Written by Don Byrd

Brevard County (FL) officials were ordered to stop their practice of restricting invocation speakers at County board meetings only to those who profess a belief in God. A federal judge ruled late last week that the denial of requests by atheists to offer opening remarks at the government meetings is unconstitutional in light of their allowing citizens who believe in a higher power to participate in that way.

The U.S. Supreme Court upheld a legislative prayer practice in 2014 (Town of Greece v. Galloway), but the judge evaluating the Brevard County policies found significant differences between the cases. Particularly important was the fact that in Town of Greece, “the town made it clear that it would permit any interested residents, including nonbelievers, to provide an invocation,” whereas in Brevard County an explicit policy barred nontheists from giving an invocation. Such religious discrimination, the judge ruled, violates the Establishment Clause of the U.S. Constitution.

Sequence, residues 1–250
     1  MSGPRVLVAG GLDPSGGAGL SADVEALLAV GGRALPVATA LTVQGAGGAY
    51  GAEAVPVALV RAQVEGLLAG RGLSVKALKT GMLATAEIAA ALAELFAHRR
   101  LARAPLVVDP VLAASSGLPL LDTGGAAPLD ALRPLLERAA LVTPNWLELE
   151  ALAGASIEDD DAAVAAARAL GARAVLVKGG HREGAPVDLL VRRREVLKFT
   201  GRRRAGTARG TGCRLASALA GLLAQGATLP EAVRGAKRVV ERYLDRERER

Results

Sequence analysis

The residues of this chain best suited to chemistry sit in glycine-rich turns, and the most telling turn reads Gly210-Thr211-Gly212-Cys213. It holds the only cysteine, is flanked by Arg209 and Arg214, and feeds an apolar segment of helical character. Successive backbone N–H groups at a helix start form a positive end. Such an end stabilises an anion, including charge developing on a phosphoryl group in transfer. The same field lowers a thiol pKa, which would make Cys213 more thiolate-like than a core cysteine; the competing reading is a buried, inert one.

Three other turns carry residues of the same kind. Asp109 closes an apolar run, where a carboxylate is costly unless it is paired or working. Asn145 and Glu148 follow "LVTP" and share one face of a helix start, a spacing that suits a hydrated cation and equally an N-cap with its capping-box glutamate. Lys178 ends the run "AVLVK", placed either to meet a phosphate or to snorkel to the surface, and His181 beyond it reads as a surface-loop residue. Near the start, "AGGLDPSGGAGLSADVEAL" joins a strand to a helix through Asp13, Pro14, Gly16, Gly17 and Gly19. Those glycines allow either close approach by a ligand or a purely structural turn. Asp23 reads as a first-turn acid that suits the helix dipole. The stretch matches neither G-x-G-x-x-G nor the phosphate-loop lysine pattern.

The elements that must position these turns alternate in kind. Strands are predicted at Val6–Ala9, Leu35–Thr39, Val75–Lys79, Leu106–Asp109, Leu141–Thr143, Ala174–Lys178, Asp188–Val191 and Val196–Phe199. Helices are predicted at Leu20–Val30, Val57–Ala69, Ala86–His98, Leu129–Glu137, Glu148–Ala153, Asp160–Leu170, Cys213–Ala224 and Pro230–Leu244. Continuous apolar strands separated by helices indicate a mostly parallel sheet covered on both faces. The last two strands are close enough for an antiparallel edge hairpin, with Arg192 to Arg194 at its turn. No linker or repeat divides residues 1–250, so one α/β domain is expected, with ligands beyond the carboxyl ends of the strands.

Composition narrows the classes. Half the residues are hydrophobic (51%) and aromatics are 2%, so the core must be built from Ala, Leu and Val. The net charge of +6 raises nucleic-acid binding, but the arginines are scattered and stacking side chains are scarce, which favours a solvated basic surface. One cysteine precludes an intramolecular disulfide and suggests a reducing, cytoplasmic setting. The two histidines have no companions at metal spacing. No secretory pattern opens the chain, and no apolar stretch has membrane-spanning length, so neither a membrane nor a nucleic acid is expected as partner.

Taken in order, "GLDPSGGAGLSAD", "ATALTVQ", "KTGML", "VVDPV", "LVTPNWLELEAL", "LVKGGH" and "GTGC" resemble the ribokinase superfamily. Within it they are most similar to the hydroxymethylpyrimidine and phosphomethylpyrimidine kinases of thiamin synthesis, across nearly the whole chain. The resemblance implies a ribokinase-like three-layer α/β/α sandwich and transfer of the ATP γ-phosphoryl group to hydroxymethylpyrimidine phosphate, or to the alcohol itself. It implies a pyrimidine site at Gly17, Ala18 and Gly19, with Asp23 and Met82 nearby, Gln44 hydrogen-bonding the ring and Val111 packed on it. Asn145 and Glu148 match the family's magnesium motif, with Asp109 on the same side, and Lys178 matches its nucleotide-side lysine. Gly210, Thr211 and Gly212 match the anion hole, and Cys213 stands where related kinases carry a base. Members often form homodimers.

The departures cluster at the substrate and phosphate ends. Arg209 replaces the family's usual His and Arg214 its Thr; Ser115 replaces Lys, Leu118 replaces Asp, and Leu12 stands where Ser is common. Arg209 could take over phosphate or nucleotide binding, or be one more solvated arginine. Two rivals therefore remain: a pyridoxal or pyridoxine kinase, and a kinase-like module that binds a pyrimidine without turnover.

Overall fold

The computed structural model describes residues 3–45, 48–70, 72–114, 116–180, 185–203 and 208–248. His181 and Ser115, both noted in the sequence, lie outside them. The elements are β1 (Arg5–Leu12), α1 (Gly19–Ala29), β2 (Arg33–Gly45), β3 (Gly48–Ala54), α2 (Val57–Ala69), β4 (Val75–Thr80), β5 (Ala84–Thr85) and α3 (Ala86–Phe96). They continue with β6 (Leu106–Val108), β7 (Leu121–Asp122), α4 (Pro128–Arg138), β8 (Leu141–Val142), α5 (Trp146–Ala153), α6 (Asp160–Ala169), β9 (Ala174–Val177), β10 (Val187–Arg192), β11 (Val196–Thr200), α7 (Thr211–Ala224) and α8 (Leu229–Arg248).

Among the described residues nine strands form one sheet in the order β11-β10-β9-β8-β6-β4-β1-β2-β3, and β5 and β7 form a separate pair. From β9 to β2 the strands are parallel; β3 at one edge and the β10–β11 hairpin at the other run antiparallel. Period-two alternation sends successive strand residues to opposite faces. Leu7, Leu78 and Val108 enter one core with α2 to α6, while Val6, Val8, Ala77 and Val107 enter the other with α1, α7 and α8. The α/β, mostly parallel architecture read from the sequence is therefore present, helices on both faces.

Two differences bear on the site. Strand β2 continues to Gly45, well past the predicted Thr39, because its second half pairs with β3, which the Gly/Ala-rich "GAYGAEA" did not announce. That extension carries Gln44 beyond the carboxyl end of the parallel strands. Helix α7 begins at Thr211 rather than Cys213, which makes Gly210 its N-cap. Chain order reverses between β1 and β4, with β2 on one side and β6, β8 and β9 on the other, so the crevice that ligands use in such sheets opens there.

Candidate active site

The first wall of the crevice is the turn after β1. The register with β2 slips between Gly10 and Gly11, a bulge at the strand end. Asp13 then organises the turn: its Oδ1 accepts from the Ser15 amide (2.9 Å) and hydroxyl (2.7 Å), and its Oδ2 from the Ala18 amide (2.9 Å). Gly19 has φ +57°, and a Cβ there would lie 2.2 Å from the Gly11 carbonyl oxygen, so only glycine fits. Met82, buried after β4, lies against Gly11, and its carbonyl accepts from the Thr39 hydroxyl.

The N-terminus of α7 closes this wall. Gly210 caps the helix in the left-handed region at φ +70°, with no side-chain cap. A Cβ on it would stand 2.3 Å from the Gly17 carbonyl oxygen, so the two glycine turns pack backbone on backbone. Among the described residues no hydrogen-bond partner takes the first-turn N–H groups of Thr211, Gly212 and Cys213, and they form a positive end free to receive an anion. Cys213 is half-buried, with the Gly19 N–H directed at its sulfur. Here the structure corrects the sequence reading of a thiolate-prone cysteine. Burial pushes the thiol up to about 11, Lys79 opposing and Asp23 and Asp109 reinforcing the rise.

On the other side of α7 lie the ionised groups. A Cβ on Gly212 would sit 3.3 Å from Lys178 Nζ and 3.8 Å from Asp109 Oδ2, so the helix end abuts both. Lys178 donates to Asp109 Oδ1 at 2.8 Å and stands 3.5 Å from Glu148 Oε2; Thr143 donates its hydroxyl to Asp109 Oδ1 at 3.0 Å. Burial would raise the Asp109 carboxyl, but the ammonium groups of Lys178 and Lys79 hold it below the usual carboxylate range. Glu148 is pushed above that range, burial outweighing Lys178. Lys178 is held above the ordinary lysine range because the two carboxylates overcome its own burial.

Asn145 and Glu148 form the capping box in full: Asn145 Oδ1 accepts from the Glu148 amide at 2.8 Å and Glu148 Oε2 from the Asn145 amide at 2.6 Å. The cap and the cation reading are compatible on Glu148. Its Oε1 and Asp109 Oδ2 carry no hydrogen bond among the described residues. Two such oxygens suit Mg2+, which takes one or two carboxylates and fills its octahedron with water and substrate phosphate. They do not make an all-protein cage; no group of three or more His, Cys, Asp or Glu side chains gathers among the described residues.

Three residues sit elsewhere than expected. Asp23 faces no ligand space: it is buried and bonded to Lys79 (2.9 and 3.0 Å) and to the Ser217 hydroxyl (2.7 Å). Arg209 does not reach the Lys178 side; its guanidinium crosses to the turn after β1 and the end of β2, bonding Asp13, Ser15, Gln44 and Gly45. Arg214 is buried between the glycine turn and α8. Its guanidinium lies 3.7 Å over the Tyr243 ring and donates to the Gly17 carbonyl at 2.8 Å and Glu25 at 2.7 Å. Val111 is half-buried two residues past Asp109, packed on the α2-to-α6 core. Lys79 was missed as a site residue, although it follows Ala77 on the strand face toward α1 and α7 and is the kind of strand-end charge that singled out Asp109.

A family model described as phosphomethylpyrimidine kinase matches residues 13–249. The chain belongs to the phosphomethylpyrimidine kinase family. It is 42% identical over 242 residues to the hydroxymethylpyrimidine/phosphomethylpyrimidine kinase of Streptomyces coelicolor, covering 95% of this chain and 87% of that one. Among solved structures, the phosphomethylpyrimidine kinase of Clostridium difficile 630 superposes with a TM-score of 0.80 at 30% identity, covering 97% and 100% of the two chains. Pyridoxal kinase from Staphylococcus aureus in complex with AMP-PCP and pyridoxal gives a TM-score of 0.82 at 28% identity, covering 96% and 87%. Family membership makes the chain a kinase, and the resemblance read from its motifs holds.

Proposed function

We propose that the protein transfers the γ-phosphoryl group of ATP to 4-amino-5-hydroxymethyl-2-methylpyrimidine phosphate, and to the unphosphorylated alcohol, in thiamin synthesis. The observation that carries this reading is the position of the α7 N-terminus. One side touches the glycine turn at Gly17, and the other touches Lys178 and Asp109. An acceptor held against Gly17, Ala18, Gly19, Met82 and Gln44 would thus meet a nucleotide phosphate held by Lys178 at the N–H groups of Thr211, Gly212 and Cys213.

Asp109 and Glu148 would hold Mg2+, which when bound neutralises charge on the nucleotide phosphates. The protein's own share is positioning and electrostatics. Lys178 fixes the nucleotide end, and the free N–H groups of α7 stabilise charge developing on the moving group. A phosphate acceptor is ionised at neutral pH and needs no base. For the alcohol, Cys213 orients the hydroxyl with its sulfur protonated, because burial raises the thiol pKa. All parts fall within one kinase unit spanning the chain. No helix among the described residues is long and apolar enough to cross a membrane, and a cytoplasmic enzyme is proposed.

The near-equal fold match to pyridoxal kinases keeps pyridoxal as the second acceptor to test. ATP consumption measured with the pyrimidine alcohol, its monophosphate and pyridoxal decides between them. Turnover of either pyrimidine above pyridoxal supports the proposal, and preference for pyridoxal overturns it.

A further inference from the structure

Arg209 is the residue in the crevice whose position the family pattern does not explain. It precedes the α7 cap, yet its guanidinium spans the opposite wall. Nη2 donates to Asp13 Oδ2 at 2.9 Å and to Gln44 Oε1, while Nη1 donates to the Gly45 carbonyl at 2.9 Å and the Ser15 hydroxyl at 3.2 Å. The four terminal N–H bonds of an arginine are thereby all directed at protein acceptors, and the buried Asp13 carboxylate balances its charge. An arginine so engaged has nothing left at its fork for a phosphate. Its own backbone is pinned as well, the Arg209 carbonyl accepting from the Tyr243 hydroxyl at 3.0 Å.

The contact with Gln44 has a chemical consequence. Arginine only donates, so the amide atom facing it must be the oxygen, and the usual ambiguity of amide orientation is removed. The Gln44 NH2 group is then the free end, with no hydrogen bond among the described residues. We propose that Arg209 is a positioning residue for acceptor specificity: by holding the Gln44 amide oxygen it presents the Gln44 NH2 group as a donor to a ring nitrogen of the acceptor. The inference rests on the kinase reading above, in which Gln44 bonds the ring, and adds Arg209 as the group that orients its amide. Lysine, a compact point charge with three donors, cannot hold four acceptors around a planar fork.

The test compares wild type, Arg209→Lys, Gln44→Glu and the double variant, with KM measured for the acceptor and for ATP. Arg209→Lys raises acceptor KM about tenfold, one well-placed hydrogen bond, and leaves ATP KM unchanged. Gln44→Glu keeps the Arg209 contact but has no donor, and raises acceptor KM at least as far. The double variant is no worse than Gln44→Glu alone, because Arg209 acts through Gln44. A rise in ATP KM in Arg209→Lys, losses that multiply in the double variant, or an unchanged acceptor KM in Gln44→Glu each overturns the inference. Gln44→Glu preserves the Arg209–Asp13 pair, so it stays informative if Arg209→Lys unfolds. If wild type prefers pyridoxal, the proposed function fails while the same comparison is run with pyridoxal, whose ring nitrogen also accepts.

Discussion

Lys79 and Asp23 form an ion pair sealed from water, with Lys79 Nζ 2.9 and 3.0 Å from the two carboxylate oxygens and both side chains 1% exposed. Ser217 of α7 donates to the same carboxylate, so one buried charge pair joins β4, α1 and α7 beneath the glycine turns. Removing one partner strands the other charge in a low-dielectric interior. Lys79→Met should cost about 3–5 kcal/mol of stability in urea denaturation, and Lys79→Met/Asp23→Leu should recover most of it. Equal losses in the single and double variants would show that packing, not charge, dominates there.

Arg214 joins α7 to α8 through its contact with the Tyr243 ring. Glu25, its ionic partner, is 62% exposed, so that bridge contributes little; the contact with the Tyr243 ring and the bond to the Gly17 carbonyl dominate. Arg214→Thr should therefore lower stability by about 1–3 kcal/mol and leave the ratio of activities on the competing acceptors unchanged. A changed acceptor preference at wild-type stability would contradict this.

Here is an excerpt from the ruling:

What happens in Brevard County is a far cry from what happens in the town of Greece. Brevard County does not allow everyone to give an invocation. Instead, it limits the prayer opportunity to those it “deems capable” of doing so-based on the beliefs of the would-be prayer giver. And after Plaintiffs requested to give an invocation at a Board meeting, the County responded not with an attitude of inclusion but with an express statement and policy of exclusion.

[E]vidence clearly demonstrates that the County’s invocation practice runs afoul of the principles set forth in Marsh, Town of Greece, and Pelphrey. It reveals “impermissible motive” in the selection of invocation givers, and reflects a “policy of []discrimination,” as well as “purposeful discrimination” and “categorical[] exclusion” of certain potential invocation givers…

The judge declined to also find the practice of asking attendees at the county board meetings to stand for the invocation unconstitutionally coercive.

A handful of other legislative prayer cases could be headed to the U.S. Supreme Court soon, as appeals courts have differed somewhat in their attempts to apply Town of Greece in a variety of government meeting settings. Earlier this year, the 4th Circuit struck down a legislative prayer practice in Rowan County, NC that involved commissioners themselves giving the invocations, while the 6th Circuit upheld a somewhat similar practice in Jackson County, MI.